ONLINE EXTRA: What is a Wi-Fi? Find out here.

(Above) Photo from intel of their persoinal video player. Analysts are agog over the personal video player, or PVP, that chipmaker Intel and ReplayTV maker SONICblue are working on. Intel will show off several prototypes of the Walkman-sized PVP, with a 4-inch screen and storage for more than 10 hours of movies, at the Las Vegas International Consumer Electronics Show. (AP Photo)


Going Wi-Fi to attract visitors
Business: Long Beach to offer high-speed Internet access free for one hour daily.
By David Rogers
, Staff writer LONG BEACH Will a free hour of high-speed wireless Internet access persuade the technologically savvy to spend their lunch breaks downtown?

City officials hope it will. Long Beach recently began providing free wireless access on Pine Avenue between First and Fourth streets and will formally unveil it at 10 a.m. Friday at the Pine Square shopping center.

"It's just a convenience for business people, travelers or conventioneers who want to go to (downtown) Long Beach for dining,' said Chet Yoshizaki, manager of the city's Economic Development Bureau.

In addition, Yoshizaki said the city plans similar free access zones at Long Beach Airport and at the Convention Center.

The systems allows users to access the Internet at broadband speeds by laptops or handheld computers, such as Palm Pilots, using an increasingly popular standard called Wi-Fi, Yoshizaki said.

Wi-Fi is commonly used to network personal commuters inside homes and offices. It's also widely used at airports, cafes and other locations, often for by-the-minute fees.

Wi-Fi adapter cards for laptop PCs are widely available for less than $70 and many newer laptops come with them installed.

In deference to local business owners worried about Internet surfers hogging up tables for extended periods of time, Yoshizaki said users will be able to use the downtown Wi-Fi network for only an hour a day. Access at the airport and Convention Center will be limitless.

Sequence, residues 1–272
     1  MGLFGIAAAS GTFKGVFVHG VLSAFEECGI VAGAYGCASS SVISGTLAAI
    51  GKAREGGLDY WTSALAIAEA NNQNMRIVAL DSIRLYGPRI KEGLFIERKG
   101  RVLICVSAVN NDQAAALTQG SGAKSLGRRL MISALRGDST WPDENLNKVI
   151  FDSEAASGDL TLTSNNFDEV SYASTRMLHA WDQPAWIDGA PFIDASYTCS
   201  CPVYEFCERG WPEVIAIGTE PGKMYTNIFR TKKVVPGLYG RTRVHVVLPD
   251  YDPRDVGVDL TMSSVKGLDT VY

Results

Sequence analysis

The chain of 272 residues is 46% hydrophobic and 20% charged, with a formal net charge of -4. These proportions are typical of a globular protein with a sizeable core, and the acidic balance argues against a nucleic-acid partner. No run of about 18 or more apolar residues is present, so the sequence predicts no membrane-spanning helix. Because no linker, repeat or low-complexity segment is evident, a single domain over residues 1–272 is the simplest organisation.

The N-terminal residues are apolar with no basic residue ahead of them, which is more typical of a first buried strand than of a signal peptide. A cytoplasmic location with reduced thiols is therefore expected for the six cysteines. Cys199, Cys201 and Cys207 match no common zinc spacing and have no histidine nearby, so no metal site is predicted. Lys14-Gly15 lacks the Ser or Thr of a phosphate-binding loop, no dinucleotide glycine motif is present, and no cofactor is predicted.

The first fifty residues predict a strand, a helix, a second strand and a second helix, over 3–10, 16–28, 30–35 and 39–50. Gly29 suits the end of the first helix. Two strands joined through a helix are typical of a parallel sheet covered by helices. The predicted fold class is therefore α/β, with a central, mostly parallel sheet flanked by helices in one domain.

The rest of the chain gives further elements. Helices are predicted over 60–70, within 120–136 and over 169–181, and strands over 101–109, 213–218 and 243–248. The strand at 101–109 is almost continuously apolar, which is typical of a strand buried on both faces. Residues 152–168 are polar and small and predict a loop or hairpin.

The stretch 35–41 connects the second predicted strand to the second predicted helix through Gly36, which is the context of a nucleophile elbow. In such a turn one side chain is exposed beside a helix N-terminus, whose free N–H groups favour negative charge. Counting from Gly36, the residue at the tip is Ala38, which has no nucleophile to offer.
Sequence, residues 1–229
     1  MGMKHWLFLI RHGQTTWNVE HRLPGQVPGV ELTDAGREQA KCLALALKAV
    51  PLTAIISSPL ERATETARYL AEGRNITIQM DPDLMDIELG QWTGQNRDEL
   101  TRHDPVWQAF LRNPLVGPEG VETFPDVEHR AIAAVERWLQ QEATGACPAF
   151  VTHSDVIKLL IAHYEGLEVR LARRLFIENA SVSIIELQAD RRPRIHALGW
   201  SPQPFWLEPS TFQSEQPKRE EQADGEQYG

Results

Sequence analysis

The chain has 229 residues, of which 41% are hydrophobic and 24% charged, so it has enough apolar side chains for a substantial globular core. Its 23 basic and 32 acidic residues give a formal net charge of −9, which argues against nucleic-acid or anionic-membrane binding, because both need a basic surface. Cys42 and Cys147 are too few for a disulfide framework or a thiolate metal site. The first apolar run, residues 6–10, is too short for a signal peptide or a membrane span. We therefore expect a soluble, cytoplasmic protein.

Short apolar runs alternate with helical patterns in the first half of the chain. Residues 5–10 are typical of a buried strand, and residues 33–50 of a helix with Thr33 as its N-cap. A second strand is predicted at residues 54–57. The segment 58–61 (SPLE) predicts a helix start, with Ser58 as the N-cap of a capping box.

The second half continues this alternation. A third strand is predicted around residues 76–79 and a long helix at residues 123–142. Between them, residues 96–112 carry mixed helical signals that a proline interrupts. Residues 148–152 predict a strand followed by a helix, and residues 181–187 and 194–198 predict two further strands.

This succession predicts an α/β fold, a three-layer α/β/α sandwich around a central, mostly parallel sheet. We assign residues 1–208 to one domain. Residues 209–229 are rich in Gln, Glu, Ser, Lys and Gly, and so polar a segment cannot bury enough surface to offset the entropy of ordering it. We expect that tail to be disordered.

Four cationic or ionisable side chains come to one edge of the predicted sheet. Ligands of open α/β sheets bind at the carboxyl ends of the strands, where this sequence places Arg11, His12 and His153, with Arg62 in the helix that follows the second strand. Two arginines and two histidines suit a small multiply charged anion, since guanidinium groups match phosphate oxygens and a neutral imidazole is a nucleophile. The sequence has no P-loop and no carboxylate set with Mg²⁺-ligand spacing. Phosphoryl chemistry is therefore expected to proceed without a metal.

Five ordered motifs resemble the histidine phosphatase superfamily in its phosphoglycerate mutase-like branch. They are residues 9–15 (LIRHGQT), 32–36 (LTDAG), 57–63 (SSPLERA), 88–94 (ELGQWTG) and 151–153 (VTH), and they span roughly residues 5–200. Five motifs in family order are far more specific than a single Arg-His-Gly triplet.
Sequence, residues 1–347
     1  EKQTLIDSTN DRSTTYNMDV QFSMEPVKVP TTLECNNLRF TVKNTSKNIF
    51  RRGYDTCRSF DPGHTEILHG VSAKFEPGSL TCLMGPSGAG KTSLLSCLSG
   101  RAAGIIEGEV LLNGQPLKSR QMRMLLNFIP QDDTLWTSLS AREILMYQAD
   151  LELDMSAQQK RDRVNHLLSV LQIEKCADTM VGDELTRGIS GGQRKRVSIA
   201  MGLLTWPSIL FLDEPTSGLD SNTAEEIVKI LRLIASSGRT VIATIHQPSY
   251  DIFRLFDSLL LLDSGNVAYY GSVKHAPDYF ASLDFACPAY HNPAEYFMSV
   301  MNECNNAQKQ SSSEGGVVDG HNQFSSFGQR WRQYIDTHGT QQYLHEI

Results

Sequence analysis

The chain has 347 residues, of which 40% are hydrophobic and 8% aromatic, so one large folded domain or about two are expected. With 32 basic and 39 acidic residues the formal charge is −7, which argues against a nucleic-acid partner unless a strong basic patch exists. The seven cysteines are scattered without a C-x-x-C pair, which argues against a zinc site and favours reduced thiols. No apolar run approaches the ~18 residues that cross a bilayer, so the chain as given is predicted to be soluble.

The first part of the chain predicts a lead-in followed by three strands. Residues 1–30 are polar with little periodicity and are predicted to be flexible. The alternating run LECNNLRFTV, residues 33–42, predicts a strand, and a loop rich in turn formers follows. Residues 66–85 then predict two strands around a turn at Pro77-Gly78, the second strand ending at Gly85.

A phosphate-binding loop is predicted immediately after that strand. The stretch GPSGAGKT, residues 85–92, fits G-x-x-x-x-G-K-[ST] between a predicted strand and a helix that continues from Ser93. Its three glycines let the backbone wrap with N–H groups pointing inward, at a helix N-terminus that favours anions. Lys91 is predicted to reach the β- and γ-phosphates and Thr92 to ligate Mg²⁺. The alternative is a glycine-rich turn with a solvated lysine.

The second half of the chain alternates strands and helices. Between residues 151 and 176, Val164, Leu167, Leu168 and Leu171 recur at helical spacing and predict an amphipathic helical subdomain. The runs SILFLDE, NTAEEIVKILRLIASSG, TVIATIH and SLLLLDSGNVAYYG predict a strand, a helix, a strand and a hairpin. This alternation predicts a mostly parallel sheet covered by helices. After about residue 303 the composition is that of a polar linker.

Starbucks on Pine Avenue offers Wi-Fi access for T-Mobile "HotSpot' customers starting at a rate of $2.99 for 15 minutes.

The downtown Wi-Fi service has been available for the past few days, said Lorenzo Gigliotti, who owns the Long Beach-based Web development firm G-site. For the project, Gigliotti said his company "greatly discounted' its normal fees.

Yoshizaki said he hopes the city benefits by attracting visitors, conventioneers and diners.

Yoshizaki said that most of the equipment and services needed were donated by private companies, including G-site, Intermec, Vernier Networks and Color Broadband. He said he expects the city's annual cost for running the network to be about $4,000.

A log-in page automatically appears after users start their Web browsers. Users supply their e- mail addresses to log in, which Gigliotti said are only used for administrative purposes. He said the companies involved hope to recoup some of their investment through advertisements on the downtown Web portal he operates, to which users are automatically taken after logging in.

The Web site will also promote downtown businesses with links to local news, entertainment and dining, he said.

A growing number of cities are exploring the idea of installing such networks in downtown areas, include San Francisco, Seattle, Jacksonville, Fla., and Lodi.

Yoshizaki said the companies involved in providing the access in Long Beach should benefit from the exposure.

"It's a win for them and a win for us,' he said.